London Nightclubs Are Still As Racist As Ever

Other | Wednesday 8th March 2017 | Patience

It was only in 2015 that DSTRKT turned away Reshia McFarlane-Tapping, 27 and Tasha Campbell, 28 for being too "dark" and "overweight." Since then it seems as if nothing has really changed.

When four members of the American football team Orleans Saints, and two of their friends arrived at Crique Le Soir in Soho this February they were turned away for being "Too Urban." Mark Ingram took to Twitter to say, "They told us that they were '6 big guys' that are too 'urban,' but nobody (was) taller than 5'11."

If NFL players are 'Too Urban,'  then what about the rest of us?

Of course the club has denied Ingram's claims with their own statement , "We would not dismiss anyone as 'too urban' and we would not turn anyone away on the basis of their ethnicity," but DSTRKT also claimed the same thing in 2015. Even though the evidence clearly pointed out the opposite.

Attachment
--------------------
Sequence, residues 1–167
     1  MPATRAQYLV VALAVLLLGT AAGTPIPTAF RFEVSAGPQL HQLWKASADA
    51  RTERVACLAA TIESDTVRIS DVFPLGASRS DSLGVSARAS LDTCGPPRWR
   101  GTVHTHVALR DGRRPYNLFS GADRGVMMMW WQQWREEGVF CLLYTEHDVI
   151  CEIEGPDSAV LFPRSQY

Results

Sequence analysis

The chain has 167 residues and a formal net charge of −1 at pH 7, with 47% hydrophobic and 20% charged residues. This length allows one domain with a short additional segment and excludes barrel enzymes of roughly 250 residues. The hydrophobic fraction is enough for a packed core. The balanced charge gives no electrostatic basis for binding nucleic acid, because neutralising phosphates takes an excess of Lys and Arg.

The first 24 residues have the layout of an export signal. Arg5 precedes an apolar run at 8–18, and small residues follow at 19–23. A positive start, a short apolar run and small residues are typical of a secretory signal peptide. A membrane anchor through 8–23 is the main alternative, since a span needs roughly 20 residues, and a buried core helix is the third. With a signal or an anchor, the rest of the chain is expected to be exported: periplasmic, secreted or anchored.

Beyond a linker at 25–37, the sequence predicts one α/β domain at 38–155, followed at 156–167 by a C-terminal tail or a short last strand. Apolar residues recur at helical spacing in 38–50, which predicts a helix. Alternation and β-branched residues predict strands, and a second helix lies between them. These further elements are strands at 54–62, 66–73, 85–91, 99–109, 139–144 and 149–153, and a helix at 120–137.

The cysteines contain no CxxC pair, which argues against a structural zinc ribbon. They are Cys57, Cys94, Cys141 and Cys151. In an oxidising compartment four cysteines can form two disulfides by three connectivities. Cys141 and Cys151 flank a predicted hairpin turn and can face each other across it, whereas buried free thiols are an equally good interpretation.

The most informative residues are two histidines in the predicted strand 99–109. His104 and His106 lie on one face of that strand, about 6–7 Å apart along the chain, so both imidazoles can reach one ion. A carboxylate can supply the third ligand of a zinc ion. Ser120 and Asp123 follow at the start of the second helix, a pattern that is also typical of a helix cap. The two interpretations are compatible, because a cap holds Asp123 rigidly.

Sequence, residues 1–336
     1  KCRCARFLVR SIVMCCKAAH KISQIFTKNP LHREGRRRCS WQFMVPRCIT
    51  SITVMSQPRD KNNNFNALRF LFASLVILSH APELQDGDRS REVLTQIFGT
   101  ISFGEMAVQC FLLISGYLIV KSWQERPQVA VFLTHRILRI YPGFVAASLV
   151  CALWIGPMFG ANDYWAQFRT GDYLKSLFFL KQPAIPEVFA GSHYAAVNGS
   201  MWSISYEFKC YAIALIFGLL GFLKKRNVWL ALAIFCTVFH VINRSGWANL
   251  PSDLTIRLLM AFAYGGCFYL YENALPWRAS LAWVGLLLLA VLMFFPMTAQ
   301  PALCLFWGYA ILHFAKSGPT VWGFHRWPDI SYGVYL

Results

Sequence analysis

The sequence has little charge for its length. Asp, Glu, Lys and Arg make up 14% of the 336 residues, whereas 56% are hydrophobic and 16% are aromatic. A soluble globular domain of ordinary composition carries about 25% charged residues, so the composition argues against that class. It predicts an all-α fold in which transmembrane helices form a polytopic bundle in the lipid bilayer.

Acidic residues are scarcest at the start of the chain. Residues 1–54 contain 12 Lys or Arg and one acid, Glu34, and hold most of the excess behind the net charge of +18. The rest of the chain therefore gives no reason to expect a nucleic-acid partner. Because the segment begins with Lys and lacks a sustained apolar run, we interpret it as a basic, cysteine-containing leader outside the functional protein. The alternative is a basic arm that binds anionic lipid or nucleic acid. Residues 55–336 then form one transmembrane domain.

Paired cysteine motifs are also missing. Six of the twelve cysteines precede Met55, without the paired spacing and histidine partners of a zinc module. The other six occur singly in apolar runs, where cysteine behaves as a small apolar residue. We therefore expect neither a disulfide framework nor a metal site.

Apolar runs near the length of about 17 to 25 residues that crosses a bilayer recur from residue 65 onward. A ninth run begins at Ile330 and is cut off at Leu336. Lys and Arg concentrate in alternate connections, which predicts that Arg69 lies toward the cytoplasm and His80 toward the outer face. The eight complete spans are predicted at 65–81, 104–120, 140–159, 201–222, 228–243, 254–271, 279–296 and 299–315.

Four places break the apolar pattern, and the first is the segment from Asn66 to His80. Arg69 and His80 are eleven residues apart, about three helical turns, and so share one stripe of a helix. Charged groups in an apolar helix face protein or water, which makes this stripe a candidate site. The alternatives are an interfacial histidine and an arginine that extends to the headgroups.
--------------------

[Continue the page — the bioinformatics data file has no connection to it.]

But this is nothing new, you just need to take a look online to see stories of clubs discriminating against black people, like Edward Adoo, or YouTube personality Nissy Tee, and this is just naming the ones who come forward. So who knows how many more stories are really out there.

Fortunately artists like Stormzy are bringing these issues to light. In his recent album Gang Signs & Prayer. He raps on the song First Thing First, "Fuck DSTRKT and fuck all these nightclubs / Fuck giving money to people who don't like us."

As Stormzy points out, perhaps the real issue is that we don't have enough black owned businesses. Whether that be clubs or any other commercial businesses.

In comparison to other cities London's black economy is almost invisible, if not non-existent, and seeing successful black people in power is rare to see.

So let's start building up our economic power, let's get to the core of the problem and we can start to see less stories like Ingram's or Tee's.